In fact, I’m going to allude to the former US Secretary of Defence, Donald Rumsfeld, in acknowledging that in the list I gave you there were some things I knew I didn’t know, "the known unknowns", such as how to divide or subtract on paper, but more worryingly there were many "unknown unknowns", such as the very existence of number bonds, or that Pythagoras’ theorem could be anything other than a formula for finding the length of sides.

Of course I do know these things now, but I’ve happened across them only through a combination of my own individual efforts, and random chance. I was never taught these things as part of any structured development, and I’m far from knowing everything I feel I need to be a confident, qualified professional, and the weight of the known unknowns bears down upon me, while I live in fear of just how many unknown unknowns might still be lurking out there.

There is no shame in admitting teachers don’t come to the table already knowing everything, rather it would be loopy vanity to think we do. Setting forth what we need to know in a subject, as a foundation, is a good first step. There are then many other pieces of pedagogical knowledge that fit around this. For example in my subject, maths, knowing that there are precisely four kinds of addition of fractions, and what they are, or knowing how different topics relate to one another, e.g. that similar shapes are enlargements of one another. Knowing the limits of complexity in question types that an "average" pupil should be expected to face, or knowing excellent and broadly-accepted ways of explaining ideas, or even what the most common misconceptions a child might face when encountering a topic for the first time.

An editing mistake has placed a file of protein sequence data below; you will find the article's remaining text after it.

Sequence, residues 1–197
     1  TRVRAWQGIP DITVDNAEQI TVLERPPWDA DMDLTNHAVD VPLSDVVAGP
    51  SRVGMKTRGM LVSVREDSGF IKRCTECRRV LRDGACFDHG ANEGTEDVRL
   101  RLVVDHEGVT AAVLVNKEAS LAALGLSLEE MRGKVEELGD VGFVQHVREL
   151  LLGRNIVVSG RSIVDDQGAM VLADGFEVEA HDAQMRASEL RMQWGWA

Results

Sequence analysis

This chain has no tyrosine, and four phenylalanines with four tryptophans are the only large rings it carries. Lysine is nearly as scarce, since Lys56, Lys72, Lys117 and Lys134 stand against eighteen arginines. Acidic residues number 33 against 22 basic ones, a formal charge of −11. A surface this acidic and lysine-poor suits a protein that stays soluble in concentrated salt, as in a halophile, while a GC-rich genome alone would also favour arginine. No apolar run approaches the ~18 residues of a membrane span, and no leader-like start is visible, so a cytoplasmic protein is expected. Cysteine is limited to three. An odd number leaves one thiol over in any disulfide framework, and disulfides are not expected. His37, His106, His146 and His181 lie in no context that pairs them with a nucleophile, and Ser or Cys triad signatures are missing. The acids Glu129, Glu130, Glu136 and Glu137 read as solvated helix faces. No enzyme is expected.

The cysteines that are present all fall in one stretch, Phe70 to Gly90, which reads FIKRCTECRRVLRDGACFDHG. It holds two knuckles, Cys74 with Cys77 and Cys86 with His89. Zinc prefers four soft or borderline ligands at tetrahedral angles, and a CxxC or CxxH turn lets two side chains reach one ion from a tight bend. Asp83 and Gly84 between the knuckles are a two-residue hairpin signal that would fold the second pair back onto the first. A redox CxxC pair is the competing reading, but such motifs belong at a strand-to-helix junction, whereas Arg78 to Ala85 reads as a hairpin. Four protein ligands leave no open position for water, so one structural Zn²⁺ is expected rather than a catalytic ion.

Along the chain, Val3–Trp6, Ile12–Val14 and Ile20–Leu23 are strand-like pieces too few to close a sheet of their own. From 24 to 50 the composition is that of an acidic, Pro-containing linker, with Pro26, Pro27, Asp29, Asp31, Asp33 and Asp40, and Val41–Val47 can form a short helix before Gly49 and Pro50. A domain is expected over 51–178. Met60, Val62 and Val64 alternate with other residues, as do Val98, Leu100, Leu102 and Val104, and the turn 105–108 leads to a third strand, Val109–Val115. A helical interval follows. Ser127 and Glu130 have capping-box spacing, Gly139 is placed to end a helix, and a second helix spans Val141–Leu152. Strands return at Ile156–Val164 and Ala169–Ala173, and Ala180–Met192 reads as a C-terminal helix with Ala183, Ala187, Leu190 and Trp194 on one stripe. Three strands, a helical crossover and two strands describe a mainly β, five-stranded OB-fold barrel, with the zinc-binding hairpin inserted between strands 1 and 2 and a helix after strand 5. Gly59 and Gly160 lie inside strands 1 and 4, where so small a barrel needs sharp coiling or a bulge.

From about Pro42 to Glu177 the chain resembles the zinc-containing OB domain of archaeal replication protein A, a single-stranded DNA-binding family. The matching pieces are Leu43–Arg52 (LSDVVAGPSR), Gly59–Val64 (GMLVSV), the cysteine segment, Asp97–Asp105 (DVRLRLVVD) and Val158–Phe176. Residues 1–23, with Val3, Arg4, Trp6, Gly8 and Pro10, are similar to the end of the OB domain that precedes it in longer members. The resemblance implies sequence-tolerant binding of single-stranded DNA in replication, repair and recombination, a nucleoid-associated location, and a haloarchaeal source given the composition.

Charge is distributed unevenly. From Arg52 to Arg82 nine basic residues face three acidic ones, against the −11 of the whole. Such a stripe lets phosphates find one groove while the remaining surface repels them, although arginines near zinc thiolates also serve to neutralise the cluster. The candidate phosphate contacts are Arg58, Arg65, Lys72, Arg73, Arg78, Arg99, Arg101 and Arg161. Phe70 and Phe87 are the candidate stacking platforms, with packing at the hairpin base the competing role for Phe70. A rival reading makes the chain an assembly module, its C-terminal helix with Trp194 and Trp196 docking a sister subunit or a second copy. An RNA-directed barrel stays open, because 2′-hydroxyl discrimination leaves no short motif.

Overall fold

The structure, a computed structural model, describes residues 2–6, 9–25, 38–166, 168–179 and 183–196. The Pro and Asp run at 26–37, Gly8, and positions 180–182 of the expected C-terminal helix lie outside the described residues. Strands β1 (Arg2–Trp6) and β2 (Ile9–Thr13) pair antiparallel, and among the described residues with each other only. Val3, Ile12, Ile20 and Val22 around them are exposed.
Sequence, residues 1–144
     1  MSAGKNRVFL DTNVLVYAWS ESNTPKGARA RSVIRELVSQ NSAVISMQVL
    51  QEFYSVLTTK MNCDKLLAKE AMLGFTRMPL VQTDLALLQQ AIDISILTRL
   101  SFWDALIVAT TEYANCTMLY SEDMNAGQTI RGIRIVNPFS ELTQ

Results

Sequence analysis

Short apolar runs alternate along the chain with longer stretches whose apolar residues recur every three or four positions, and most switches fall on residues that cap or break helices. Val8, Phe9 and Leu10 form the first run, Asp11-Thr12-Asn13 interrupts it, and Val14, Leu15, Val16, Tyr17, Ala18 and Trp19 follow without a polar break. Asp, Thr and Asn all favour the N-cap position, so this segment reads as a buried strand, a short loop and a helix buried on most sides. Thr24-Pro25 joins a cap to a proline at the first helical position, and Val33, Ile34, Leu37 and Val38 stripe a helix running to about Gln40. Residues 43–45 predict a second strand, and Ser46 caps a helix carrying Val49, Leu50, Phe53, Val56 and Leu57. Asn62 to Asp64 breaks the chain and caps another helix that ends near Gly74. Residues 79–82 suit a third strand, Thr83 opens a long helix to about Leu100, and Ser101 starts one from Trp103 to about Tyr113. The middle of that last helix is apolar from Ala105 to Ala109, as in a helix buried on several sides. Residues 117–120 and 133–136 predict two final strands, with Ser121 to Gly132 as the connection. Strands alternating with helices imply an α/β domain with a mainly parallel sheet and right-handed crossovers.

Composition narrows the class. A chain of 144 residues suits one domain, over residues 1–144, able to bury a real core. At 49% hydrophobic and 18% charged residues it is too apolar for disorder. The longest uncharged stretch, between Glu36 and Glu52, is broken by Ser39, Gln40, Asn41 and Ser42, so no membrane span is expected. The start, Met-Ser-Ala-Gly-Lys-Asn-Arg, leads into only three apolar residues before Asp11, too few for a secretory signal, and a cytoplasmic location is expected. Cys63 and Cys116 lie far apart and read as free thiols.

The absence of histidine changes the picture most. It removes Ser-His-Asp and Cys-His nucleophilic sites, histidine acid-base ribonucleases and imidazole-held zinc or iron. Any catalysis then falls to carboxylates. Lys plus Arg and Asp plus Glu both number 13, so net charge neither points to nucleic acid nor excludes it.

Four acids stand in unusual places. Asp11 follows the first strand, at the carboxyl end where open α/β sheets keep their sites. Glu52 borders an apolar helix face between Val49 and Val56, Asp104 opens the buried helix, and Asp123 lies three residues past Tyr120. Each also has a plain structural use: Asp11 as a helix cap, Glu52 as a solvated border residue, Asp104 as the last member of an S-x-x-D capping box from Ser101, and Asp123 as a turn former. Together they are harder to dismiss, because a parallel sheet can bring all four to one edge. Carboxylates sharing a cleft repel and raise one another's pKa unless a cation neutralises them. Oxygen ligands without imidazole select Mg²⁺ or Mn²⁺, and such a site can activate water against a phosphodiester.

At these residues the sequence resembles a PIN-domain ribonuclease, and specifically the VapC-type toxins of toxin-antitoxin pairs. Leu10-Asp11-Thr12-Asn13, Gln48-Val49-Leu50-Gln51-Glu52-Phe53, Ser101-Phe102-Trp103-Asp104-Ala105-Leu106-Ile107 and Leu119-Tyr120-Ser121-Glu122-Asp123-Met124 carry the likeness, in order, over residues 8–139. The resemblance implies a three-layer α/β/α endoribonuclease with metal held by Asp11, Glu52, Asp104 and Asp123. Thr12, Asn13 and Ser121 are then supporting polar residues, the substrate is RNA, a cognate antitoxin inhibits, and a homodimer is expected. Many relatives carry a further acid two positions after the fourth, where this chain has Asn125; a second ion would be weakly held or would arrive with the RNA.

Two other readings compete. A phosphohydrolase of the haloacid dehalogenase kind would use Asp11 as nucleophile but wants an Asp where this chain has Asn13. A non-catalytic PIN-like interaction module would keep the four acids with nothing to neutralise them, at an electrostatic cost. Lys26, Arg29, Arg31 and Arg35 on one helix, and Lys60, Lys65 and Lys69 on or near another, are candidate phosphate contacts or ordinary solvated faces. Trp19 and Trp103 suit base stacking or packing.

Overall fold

Today, teachers teach what comes to mind, or what might come up on an exam. What if tomorrow, all teachers taught what they knew would best educate their children? Today, teachers are divided and fragmented. What if tomorrow teachers were united and unified? Today, teachers are isolated and pitted against one another in league table competitions. What if tomorrow, teachers were unanimous in how their subject knowledge should be passed to our future generation? Today, teaching is called a low-status profession, an immature profession, and sometimes not a profession at all. Well, what if tomorrow, teachers were respected and envied as an elite in our society? Highly competitive entry, highly-trained, highly-knowledgeable, on a par with doctors, lawyers and others. What if tomorrow the conversation we could all have is "Hi, nice to meet you, I’m a teacher" and the response we hear could be "Brilliant, you’re so lucky!" Subtext: "****. I’m so jealous. You are one of life’s winners".

This article is an edited version of a speech at Wellington Festival of Education